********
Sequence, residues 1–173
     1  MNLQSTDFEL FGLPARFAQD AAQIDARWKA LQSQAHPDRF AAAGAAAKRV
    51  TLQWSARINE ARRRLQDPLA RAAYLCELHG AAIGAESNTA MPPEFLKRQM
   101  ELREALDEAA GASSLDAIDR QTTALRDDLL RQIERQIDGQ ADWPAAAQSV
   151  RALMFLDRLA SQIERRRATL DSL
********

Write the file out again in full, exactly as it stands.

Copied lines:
Sequence, residues 1–173
     1  MNLQSTDFEL FGLPARFAQD AAQIDARWKA LQSQAHPDRF AAAGAAAKRV
    51  TLQWSARINE ARRRLQDPLA RAAYLCELHG AAIGAESNTA MPPEFLKRQM
   101  ELREALDEAA GASSLDAIDR QTTALRDDLL RQIERQIDGQ ADWPAAAQSV
   151  RALMFLDRLA SQIERRRATL DSL